Industrial REITs: Amazon Cuts Deep
This is an abridged version of the full report published on Hoya Capital Income Builder Marketplace on May 22nd.
REIT Rankings: Industrial
Industrial REITs – a perennial performance leader in recent years – have been slammed over the past month with declines of 20-30% after e-commerce giant Amazon (AMZN) announced plans to cut costs in its logistics network, pumping the brakes on its aggressive pandemic-fueled footprint expansion amid rising transportation costs and slowing consumer spending, seeking to reduce overcapacity through sublets and renegotiated leases. The downbeat Amazon report followed an otherwise stellar slate of industrial REIT earnings reports highlighted by incredible 30% rent growth, record-low reported vacancy rates and overshadowed several major M&A developments. In the Hoya Capital Industrial REIT Index, we track the thirteen industrial REITs which collectively total nearly $160 billion in market value.
Led by sector stalwart Prologis (PLD), industrial have consistently delivered dividend and FFO growth near the top of the REIT sector over the past decade, but Amazon’s somewhat surprising report seemed to call into question the “extreme competition” for logistics and distribution space noted in the prior quarter. But while the e-commerce giant is indeed the largest industrial REIT tenant, Amazon still comprises just 3-5% of total occupied space. As a percent of NOI, REIT-specific exposure ranges from a low of 1% at EastGroup (EGP) to a high of 8% at Industrial Logistics (ILPT). For industry insiders, Amazon’s plans to scale back its expansion were not unexpected. Supply chain consulting firm MWPVL International estimates that Amazon increased its square footage by nearly 400% between 2016 and 2021 – and doubled in 2020 and 2021 alone – and had forecasted a moderation in its expansion plans in 2022 and 2023. Despite this major push, Amazon still represented a relatively modest 14% of incremental absorption in 2021 and 7% YTD so far this year.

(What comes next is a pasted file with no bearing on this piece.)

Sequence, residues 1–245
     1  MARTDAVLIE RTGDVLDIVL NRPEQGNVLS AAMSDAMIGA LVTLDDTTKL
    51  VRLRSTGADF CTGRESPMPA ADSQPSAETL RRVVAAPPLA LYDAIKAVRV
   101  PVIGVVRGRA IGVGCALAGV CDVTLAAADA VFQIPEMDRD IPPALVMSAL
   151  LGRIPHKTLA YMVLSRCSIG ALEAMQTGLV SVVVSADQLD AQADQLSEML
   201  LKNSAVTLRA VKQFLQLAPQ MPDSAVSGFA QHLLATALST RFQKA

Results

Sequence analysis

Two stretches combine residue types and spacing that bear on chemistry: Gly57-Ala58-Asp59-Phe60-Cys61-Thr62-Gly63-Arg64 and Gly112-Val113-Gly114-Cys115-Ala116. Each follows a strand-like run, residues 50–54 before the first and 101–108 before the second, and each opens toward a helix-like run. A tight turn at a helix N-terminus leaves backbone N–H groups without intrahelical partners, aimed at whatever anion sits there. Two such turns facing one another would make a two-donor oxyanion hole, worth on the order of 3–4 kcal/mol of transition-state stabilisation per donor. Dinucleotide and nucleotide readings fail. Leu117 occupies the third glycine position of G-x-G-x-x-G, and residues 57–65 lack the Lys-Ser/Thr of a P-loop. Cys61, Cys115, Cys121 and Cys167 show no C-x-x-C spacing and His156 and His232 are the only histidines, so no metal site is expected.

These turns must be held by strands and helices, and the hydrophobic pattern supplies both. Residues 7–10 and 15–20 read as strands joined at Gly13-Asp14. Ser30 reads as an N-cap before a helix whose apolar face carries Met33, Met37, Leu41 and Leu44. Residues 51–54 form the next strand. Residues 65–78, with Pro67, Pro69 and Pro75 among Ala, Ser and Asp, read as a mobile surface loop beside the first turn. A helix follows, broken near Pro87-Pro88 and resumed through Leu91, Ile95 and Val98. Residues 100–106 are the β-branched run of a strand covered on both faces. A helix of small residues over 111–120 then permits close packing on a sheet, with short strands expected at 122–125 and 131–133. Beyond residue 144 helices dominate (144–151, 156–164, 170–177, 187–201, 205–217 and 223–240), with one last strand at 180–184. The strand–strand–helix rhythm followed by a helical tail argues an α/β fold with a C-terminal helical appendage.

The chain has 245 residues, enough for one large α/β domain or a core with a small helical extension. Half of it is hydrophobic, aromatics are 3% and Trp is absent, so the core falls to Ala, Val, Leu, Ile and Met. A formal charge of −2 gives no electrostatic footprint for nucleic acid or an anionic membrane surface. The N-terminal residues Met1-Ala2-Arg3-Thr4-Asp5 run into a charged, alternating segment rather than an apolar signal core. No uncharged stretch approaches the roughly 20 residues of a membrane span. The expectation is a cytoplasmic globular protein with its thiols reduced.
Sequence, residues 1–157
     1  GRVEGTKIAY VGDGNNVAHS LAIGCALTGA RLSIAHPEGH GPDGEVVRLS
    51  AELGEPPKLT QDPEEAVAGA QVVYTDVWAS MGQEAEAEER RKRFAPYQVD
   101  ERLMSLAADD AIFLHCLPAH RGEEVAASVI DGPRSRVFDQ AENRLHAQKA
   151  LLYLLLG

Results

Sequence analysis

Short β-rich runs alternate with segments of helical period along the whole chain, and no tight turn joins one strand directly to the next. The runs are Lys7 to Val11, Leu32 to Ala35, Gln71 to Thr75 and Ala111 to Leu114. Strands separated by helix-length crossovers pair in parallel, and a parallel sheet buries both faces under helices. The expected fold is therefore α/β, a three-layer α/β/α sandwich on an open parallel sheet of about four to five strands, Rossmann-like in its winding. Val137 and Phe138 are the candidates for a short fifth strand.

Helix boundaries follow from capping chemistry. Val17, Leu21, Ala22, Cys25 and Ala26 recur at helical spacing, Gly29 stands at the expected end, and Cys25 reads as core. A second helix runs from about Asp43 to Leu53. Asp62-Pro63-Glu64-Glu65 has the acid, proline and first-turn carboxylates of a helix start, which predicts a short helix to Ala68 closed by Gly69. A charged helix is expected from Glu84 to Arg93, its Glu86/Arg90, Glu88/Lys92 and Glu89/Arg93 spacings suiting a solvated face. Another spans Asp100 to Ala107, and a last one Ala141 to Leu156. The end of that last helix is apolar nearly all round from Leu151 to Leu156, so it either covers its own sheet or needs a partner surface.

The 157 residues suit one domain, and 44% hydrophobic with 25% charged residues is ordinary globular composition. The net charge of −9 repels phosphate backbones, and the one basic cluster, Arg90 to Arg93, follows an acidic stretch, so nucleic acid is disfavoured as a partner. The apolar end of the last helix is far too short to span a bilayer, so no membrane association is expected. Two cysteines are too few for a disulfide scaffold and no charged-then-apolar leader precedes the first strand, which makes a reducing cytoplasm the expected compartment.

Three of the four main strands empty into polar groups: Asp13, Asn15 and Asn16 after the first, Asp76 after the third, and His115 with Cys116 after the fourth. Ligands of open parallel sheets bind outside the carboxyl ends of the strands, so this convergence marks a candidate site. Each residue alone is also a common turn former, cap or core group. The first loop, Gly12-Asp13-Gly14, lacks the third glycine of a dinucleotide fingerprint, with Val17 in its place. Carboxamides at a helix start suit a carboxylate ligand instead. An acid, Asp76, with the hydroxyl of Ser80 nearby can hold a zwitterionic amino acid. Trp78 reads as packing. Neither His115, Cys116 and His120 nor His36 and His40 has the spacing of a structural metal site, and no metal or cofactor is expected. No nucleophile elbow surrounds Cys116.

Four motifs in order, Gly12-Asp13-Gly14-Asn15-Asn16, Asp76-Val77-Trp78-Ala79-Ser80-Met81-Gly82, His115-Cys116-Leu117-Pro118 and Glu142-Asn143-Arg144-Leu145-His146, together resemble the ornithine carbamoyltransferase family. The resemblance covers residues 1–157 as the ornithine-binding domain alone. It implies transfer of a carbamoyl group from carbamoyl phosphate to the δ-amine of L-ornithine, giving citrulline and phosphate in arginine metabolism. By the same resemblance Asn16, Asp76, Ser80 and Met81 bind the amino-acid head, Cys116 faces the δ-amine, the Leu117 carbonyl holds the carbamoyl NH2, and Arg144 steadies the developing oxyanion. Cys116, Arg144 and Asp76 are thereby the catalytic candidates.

These much-discussed overcapacity issues appear to be company-specific as broader industrial vacancy rates remain at record lows. Riding the e-commerce revolution – a wave that has been given an added accelerant by the significant pandemic-related disruptions, industrial REITs have delivered relentless outperformance over the past half-decade, riding similar compelling structural tailwinds of low supply and robust demand as the U.S. housing industry. Robust demand for logistics space has been driven by dueling trends of the “need for speed” in both business-to-consumer and business-to-business goods delivery and, more recently, by the critical need for enhanced supply chain resiliency. Brokerage firms CBRE and JLL each separately reported that industrial vacancy rates declined to record-lows below 4% in Q1 2022 despite robust levels of new development and weaker demand from Amazon.
Encouragingly, responding to the Amazon reports and questions this week, Prologis reiterated its full-year demand outlook and expect rent growth of over 20% and record-low year-end vacancy rates of 3.3% this year, citing “clear constraint on supply” and noting that “logistics market conditions are still defined by historic low vacancy, constraints on new deliveries, and pent-up demand.” Prologis commented that it is “watchful on rising levels of consumer stress and modeled -5% real growth in retail goods sales in our Q1 2022 earnings call” but noted that “space is effectively sold out” with record-low vacancy rates. Prologis estimates that the market is experiencing more than 800 million square feet of pent-up incremental demand even with this pullback, but only 375 MSF will come online in 2022 to meet this demand.